I remember that Roman army was tuning their ballistae by pinging their strings and listening to the sound. If not in tune, it would shoot off. This might be related in some respect, couldn't it?
 
  • #17
Never mind. Roman strings didn't stretch. At all.
 
  • #18
Paul Colby said:
also as strings age on a well setup guitar they tend to go flat at fret 12 harmonic. Anyone know why this is?

I haven't noticed that. How much of a difference are you talking about?

Anyway, my guess is the strings get dirty/oxidized and are effectively thicker/stiffer than new strings.
 
  • #19
kokes said:
It's a fixed bridge. I calculated with 610 mm length of e4. Actual length is 620 mm e4.

What sort of guitar has a 24 inch scale length? Just curious.
 
  • #20
JT Smith said:
I haven't noticed that. How much of a difference are you talking about?

Well, nowhere near a 1/2 tone for certain. The shift is observed by exciting the string octave harmonic by lightly touching the string at the 12'th fret when plucked. Comparing this note to the sound when fully depressed should match. To properly adjust (setup) a guitar, the location of the bridge for each string is adjusted. Once adjusted, the frequency at the 12'th fret is exactly an octave. This takes out the additional tension gained when pressed.

Now as the string ages the 12'th fret goes flat by a few cents. This seems to increase with age. Now, dirt and grim could cause this but single wire strings are easily kept clean and it still happens.
 
  • #21
I have an old set on my guitar right now and the intonation is as good as I can detect by ear, clip-on tuner, or using the spectrum plot in Audacity (which only displays to the nearest Hertz). A few cents is only ~1Hz on the lower string.

And my explanation makes no sense anyway. Extra stiffness in the string would effectively reduce the length and make the string go sharp at the harmonic.
 
  • #22
I will get myself piezzo pickup once the lock down is released here. It was put into action, you guessed it, today. I have seen Audacity in my sw repo.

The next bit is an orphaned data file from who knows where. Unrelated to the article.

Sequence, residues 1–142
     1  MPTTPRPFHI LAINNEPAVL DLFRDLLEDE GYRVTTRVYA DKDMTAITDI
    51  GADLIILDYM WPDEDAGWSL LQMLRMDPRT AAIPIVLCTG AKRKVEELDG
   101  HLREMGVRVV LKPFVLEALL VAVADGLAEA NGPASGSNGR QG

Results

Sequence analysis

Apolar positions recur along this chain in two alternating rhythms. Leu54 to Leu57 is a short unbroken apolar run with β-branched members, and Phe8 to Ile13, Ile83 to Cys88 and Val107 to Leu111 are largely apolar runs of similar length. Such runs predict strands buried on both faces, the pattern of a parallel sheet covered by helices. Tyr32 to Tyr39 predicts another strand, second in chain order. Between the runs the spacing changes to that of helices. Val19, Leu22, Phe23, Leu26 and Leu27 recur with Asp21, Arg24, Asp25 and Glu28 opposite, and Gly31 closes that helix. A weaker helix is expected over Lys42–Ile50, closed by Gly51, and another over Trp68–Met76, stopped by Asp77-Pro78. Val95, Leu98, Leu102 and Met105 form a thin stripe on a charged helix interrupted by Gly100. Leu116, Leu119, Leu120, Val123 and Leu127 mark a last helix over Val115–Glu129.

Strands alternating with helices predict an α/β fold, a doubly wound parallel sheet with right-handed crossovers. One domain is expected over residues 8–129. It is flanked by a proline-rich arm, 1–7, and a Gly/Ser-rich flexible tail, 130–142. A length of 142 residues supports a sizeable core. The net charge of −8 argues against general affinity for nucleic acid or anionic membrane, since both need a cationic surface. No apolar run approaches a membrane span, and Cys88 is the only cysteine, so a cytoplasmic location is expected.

• #23
The properties of strings change with time. I find it takes about a day for a new set to stop stretching. My guess is they lose stiffness as the age.
 
  • #24
Paul Colby said:
The properties of strings change with time. I find it takes about a day for a new set to stop stretching. My guess is they lose stiffness as the age.

They don't really stretch. It's the slack in the whole system, especially the tuning machine windings, that takes time to work out.

I just read one guy's opinion that the strings become uneven over time and that messes up intonation. He didn't explain why though.
 
  • #25
JT Smith said:
I just read one guy's opinion that the strings become uneven over time and that messes up intonation. He didn't explain why though.
The strings can get worn by rubbing against the frets and bent by your fingers pressing behind the frets. The mass per unit length will alter for different lengths, in the end. I remember reading that early Lute strings were made of gut and were so non-uniform that the frets had too be formed from loops of gut, tied wound the neck and then placed in the least worst positions for the best tuning of as many of the strings as possible.
I believe that gut strings can be rolled between the fingers to stretch them in parts, to help with the tuning. Nylon and steel are much better behaved.
 
  • #26
I was assuming steel strings. It wouldn't surprise me if gut stretches significantly over time.

Guitars are inherently imperfect. There are those True Temperament guitar necks but I've read that many people are so used to imperfect intonation that those improved necks sound funny to them.
 
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  • #27
JT Smith said:
I was assuming steel strings.
Not impervious to sweaty fingers tho'. :wink:
 
  • #28
I was considering gut strings. But I think I will use steel again. My old strings are old steel strings aged about 20 (I don't use picks any more).

I am looking forward to the new sound. Particularly Adio Cheyenne. But the main plan is to be able to safely recognize notes (including vibratos!) to output a sheet music as I play.

I found a nice illustration of why tension of open string must always differ from tension of pressed string:
elipsa.png

This is how ellipse used to be constructed.
Therefore, the string attached between F1 (nut) and F2 (bridge) is always pressed with constant force throughout elliptical fretboard (part of ellipse which is mostly left out, below segment F1F2).
If the string is open, its length must be shorter, regardless of the ellipse used.

Which means that if I won't be able to reliably detect vibratos with accuracy I achieve with the fretboard alone, I will need to adjust for tension. Either by MCU modulating output AC wave, or by tuning LC circuits with inputs, or by physically turning the tuner using motor, transistors, external power supply and MCU. The last option has the slowest output, but it appeals to me, should it come this far, because it will, besides shifting fractions of Hz there and forth, keep the guitar in tune any time I play open strings. Either way I will need to monitor which strings are being pressed, perhaps by measuring their impedance. And record them individually.